Not to speak ill of Russert but I just didn’t find his brand of journalism “trail-blazing.” He confronted his guests with MSM reports contradicting officials talking points. IMO, that’s not good journalism. That’s research. And government officials knew how to work Russert. He couldn’t get them to unspin or get them to move away from cokkie cutter talking points.Who can forget the time he explained his failure to verify the Bush administration’s prewar claims with other government officials by lamenting, “I wish my phone had rung.”I didn’t really care for his moderation of the debates.”Dennis… have you seen a UFO” ring a bell? How about the time he pressed Obama about Louis Farrakhan? There was a reason government officials kept going back to Meet the Press (Cheney anyone?). They knew he wouldn’t press them and they could get away with their cookie-cutter talking points. I saw that a lot on MTP. To his credit he did allow some voices of dissent on his show, like Nader and Feingold. But not often. Then there was his shameless defense for Don Imus. Nuff said. For more on Russert click here.Look, my heart goes out to his colleagues and family. I really mean it. But we’re kidding ourselves that Russert exemplified a tough, no holds barred style of journalism. Personally, he is not the kind of journalist I want to aspire to. My idea of good journalism comes from the likes of Amy Goodman, I.F. Stone, Seymour Hersh, Helen Thomas, Jeremy Scahill, Upton Sinclair, Mohammed Omer, Dahr Jamail, and Robert Fisk, my personal favorite. They hold/held officials feet to the fire. Russert cared more about his access.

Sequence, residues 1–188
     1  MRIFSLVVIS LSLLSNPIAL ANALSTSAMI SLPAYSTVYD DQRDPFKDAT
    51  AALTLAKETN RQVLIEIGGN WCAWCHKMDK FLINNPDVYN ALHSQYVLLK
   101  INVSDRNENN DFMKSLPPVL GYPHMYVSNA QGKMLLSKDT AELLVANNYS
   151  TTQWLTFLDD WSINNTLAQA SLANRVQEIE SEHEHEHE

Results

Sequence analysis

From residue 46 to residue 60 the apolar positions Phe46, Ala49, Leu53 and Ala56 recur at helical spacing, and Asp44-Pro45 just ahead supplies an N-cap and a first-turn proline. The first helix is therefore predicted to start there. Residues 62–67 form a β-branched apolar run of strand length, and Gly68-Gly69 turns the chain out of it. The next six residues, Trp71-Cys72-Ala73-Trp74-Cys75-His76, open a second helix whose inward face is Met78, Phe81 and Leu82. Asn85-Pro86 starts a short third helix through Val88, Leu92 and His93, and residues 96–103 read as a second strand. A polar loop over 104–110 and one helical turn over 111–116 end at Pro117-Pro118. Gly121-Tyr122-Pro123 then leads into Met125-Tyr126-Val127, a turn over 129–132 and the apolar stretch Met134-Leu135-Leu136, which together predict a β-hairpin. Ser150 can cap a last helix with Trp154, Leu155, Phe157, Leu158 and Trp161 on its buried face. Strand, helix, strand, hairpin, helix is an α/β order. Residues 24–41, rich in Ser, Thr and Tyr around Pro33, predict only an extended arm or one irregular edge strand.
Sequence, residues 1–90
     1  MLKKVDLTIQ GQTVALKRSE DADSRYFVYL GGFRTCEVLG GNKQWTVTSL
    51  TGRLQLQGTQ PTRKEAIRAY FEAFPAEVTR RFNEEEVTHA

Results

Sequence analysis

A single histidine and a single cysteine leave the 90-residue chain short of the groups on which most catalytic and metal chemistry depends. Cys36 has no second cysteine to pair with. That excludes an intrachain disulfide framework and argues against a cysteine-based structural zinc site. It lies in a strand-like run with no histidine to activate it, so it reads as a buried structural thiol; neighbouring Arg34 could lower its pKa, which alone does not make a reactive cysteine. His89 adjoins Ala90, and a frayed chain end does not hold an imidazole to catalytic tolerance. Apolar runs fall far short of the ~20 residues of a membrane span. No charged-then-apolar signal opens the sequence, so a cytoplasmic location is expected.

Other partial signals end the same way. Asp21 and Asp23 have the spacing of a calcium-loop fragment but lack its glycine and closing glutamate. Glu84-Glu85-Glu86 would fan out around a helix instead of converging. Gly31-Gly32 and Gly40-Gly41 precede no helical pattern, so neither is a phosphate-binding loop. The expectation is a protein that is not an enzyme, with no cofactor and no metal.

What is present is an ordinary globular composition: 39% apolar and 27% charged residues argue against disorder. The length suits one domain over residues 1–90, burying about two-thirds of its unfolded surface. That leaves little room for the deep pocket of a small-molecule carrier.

16. Anonymous

    5:14,So much for rhetoric vs. debate. You seem disappointed in most people born since the Hoover administration.(Upton Freakin’ Sinclair?) Then you link to David Brock’s website? Sure glad you didn’t want to “speak ill of Russert” and your “…heart goes out to his colleagues and family. I really mean it.” Your comments would have been just as cogent AFTER the corpse assumed room temperature. Regardless of “the kind of journalist (you) want to aspire to” (sic), I would recommend a healthy dose of humanity. Those humans do most of the reading, I’m told.

  17. Anonymous

    I don’t think the link to Brock’s site speaks ill of Russert. I do think it raises concerns about his journalistic practices. It’s not consistent with all the things being said about him in the media. I sure hope the MSM treats Goodman, Fisk, Hersh, Omer and others with the same significance as they are with Russert. Personally, I don’t think there’s a necessary time to discuss Russert’s journalism. We certainly didn’t stop criticizing Reagan and Ford after their deaths, did we? I think it’s fair to to look at and critically analyze Russert’s journalism right now. I think it’s perfectly appropriate.

  18. Anonymous

    Comparing a TV journalist with presidential administrations is, for any number of reasons, bizarre in the extreme, as is claiming civility while acting in an uncivil manner toward a recently deceased person. Ironically, Russert strived at being a centrist. Fat lot of good it has done him with wack jobs on both fringes.